Speaker outlines steps that help agencies prepare interoperable communications for planned events
LAS VEGAS—When multiple public-safety agencies prepare for planned events—from a parade to the Super Bowl—communications interoperability becomes crucial. To ensure that events run smoothly and public servants are able to respond to incidents efficiently, careful preparations must be taken far in advance.
According to the Department of Homeland Security, communications interoperability refers to the ability of emergency response agencies to talk across disciplines and jurisdictions via radio communications systems, exchanging voice and/or data with one another on demand, in real time, when needed and as authorized.”
Robert Sisley, COML (I) and COMT for the Yavapai County Sheriff’s Office and retired Sergeant of the Miami-Date Police Department, said that there are five types of incidents, ranging from the most simple, involving one or two single resources with up to six personnel, to the most complex, which require national resources and goes on for multiple operations periods. Each will require some level of interoperability to run smoothly, as well as the foresight to make this interoperability happen.
Before the event occurs, regardless of its type, several elements must be considered in order to clear the way for interoperable communications.
First, the agency must know its own inventory, and more importantly, the equipment’s capabilities.
“Capabilities are important,” Sisley said during a workshop at IWCE 2016. “Sometimes you’ll get an incident commander that doesn’t know what the range [of their radio equipment] is, they don’t know who else is on their system – who’s not on their system.”
As an extension of that idea, it is also important to be familiar with the radio systems and resources of other agencies in the area, as well as learning the functions and roles of specialized unites in order to anticipate their communications needs, according Sisley.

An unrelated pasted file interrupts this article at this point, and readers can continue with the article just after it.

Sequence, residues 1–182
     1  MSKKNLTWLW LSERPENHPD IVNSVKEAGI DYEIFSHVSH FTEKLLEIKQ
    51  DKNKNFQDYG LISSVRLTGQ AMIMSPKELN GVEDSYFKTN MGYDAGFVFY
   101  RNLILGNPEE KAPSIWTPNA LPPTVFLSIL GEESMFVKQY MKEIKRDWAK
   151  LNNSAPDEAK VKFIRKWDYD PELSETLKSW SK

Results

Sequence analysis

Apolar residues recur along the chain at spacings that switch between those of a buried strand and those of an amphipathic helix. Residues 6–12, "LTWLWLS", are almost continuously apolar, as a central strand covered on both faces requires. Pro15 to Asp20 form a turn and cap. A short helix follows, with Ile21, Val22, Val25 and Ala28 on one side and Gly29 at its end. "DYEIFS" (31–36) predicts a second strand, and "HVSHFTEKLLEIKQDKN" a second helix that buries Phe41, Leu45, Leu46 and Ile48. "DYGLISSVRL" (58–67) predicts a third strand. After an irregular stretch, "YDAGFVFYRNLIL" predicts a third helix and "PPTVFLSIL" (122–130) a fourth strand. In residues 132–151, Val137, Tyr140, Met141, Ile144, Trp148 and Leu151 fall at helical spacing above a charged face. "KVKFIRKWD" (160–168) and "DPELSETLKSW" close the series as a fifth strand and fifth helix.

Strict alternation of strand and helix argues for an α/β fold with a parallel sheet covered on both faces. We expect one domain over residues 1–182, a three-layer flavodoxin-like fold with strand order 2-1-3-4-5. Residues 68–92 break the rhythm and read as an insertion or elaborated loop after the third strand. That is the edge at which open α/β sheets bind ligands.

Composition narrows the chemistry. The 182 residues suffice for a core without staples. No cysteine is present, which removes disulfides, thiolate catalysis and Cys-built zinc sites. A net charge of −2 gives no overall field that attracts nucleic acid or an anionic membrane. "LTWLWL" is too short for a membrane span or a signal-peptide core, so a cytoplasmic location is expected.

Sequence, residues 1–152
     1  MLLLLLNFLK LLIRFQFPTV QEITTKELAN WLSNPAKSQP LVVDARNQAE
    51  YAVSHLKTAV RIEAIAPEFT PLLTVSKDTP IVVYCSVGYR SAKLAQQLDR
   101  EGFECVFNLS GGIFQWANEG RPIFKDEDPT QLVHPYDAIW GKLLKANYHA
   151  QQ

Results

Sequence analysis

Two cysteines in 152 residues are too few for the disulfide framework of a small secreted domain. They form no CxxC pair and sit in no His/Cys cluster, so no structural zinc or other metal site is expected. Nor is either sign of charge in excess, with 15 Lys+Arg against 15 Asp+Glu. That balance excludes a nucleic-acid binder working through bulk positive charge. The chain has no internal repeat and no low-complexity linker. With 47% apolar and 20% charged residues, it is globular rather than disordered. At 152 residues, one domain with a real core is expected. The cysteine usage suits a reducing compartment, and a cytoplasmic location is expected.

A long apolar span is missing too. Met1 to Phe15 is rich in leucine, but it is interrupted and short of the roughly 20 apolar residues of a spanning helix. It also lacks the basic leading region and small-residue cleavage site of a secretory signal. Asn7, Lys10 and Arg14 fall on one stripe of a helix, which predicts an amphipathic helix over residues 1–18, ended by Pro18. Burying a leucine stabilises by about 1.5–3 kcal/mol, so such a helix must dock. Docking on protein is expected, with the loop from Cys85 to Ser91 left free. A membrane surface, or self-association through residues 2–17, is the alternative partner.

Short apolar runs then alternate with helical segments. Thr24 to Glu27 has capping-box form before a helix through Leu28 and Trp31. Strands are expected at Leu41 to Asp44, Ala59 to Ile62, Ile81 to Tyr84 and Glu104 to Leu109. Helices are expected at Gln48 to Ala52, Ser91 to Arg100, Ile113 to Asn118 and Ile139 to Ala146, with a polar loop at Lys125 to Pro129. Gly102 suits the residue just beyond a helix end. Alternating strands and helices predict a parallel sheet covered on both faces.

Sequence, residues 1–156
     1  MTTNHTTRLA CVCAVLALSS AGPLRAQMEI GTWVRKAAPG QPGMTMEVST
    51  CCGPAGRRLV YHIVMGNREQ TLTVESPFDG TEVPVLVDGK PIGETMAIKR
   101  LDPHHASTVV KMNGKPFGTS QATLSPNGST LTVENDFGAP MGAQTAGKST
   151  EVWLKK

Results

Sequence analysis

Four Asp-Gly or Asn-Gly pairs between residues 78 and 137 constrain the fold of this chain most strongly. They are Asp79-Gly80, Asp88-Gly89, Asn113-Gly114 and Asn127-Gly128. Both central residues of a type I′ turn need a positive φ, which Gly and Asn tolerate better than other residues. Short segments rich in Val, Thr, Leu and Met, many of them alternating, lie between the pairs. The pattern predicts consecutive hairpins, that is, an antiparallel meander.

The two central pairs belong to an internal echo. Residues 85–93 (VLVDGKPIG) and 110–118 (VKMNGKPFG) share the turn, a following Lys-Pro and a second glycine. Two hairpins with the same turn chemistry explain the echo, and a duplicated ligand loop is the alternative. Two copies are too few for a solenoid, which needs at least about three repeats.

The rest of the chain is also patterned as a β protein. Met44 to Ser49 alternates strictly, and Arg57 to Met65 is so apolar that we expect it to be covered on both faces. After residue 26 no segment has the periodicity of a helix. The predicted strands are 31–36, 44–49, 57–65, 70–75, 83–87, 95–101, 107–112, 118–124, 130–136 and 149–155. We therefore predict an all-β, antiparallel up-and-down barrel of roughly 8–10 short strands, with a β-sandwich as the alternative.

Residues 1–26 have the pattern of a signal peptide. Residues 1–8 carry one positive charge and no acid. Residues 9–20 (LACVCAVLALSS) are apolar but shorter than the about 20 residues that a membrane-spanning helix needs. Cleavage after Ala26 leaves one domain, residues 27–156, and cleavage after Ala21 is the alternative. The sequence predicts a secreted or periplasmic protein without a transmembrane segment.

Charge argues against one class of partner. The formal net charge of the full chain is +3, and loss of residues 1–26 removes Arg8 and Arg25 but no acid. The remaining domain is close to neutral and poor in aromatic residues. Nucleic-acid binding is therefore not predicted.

It’s also important to establish the organization structure of the communication committee early and to keep the committee down to a manageable size. Making personal contact with the heads of these operational committees to discuss their needs will help reduce the number of last-minute surprises.
Below is an example organizational structure for a large-scale event:
“They don’t know what they don’t know,” Sisley said. “They think that everything is great—that [they] can talk to everybody and everybody can talk to [them].”
But this might not be the case. It’s important not to wait until it’s too late to find this out.
“Don’t wait for them to come to you; go to them,” Sisley said. “Go to the heads of the different operational units and talk to them.”
However, even with the most meticulous planning, unforeseen circumstances are sure to arise. If leaders can anticipate what these-last minute request could be and build the ability for adjustment into the plan, the less scrambling there will be during the event.
Once an event has reached its conclusion, the work isn’t over. First, agencies must be sure to return all loaner equipment and collect the equipment it has loaned to other entities. Sisley said agencies should to ensure all equipment is returned in a serviceable condition as quickly as possible.
Second, all gateway patches must be deactivated and radio systems need to be returned to their pre-event status. Sisley recommended that agencies announce across the network as to when these deactivations and disconnections will take place.
Finally, Sisley said to conduct a post-event committee meeting—or “hot wash”—to discuss the event, prepare an after-action report, and get ready to conduct employee evaluations as they are needed.
“On the site, talk about what went wrong or what didn’t go well,” he said. “Take some notes.”
It’s particularly important to document the weaknesses in the system to justify making improvements in the future, Sisley saidHow.